> I understand your point and also think that providing a custom runtime
> can be awkward. I am still working hard to have a clean an acceptable
> solution to the problem.
> The Monobjc 4.0.436 (dylib inside) has solved some crash problems but
> not all. That makes me say that there are other cases when the bridge
> is crossed outside the thread management scope of Mono:
> - the first solution is to identify all theses possible paths (that
> lead to crash) and forbid them.
> - the second solution is to provide a patched Mono runtime that do a
> proper thread management.
> I need to provide both a short-term and a long-term solution to
> Monobjc's users. So I am open to any suggestions on how to do it well.

me, im perfectly happy with the dylib solution, if that can fix all the issues. 
if later on official Mono distros will get fixes that make the dylib obsolete - 
great. but until then. i'd prefer needing the dylib to  needing a custom Mono 
runtime, a thousand-fold.

the dylib is pretty much a non-issue. Apps get .app-bundled anyways, so copying 
two more files is a no-brainer (especially if MacPac does it for you). needing 
a custom runtime to test and debug Monobjc aps is a real showstopper for us 
telling our customers to use Monobjc (and mkbundle - all comments for or 
against it, aside - only helps with final deployment. the developer (our 
customer ;) still needs the custom runtime, which will get confusing and 
problematic, once newer Mono's come out (as the one that just did, which is a 
critically important update that users wot wanna skip).

so my vote is on keeping the dylib, until such time that we can make do 
entirely without it, on a new vanilla Mono.


> 2009/12/6 marc hoffman <>:
>> Am i the only one who thinks this custom runtime thing is not really 
>> acceptable for anyone who wants to - oh, say - *deploy* applications to 
>> regular users who can't/won't just patch their Mono install? what's the 
>> short-term plan for enabling people to actually ship apps based on Monobjc, 
>> and why can't we stick to the unmanaged dylib that can easily be deployed 
>> alongside the app, at least until an official Mono is out that contains 
>> these patches (if that will ever happen)?
>> just thinking out loud, here.
>> On Dec 2, 2009, at 12:15 AM, Laurent Etiemble wrote:
>>> Hello,
>>> Sorry for the late update, but I had some busy nights trying to find
>>> another work-around for the Snow Leopard crash. The 4.0.436 release of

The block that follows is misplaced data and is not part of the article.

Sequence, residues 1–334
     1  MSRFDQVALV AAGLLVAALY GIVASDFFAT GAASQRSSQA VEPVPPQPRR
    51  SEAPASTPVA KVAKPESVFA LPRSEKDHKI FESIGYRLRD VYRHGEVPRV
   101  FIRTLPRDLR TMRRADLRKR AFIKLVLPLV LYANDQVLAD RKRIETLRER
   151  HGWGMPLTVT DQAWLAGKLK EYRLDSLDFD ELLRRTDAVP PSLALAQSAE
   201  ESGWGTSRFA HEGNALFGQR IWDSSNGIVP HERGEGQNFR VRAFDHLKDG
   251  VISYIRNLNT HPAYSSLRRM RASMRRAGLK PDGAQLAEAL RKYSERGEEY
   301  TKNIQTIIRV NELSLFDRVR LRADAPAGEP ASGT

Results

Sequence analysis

>>> the Monobjc bridge has brought mixed results regarding the Snow
>>> Leopard crash: some users have reported success while others have
>>> reported nasty crashes.
>>> So, I have resumed my work on the Mono runtime patching to find an
>>> acceptable way to do it (not too hacky so Novell would accept it).
>>> During my tests, I have discover that the conditions of the bug are
>>> already present under Leopard. Why it does not crash seems linked to
>>> the way TSD (Thread Specfic Data) are destroyed. So I have changed my
>>> approach and I have come to a workaround that seems to prevent the
>>> crash.
>>> The archive of the patched Mono runtime is available at:
>>> In order to use the archive:
>>> - you need to have a working installation of Mono.
>>> - uncompress the archive in /Library/Frameworks/Mono.framework/Versions
>>> - relink the Current symlink to the archive (sudo rm Current && sudo
>>> ln -s Current)
>>> Some points about this runtime:
>>> - The runtime is universal. I have made some tests under some
>>> OS/Processor combinations, but I cannot cover all hardware.
>>> - The runtime contains Mono, Visual Basic and NAnt. It does not
>>> contains libgdiplus or any of the third-party packages.
>>> - The runtime contains all what is needed to run mkbundle or the
>>> packaging tasks.
>>> - The runtime also contains other patches: embedded "machine.config"
>>> and "app.config" are now usable.
>>> If you decide to test this runtime, please provide the following:
>>> - hardware/system full version
>>> - kind of application/complexity
>>> - anything that can help in case of crash
>>> Regards, Laurent Etiemble.

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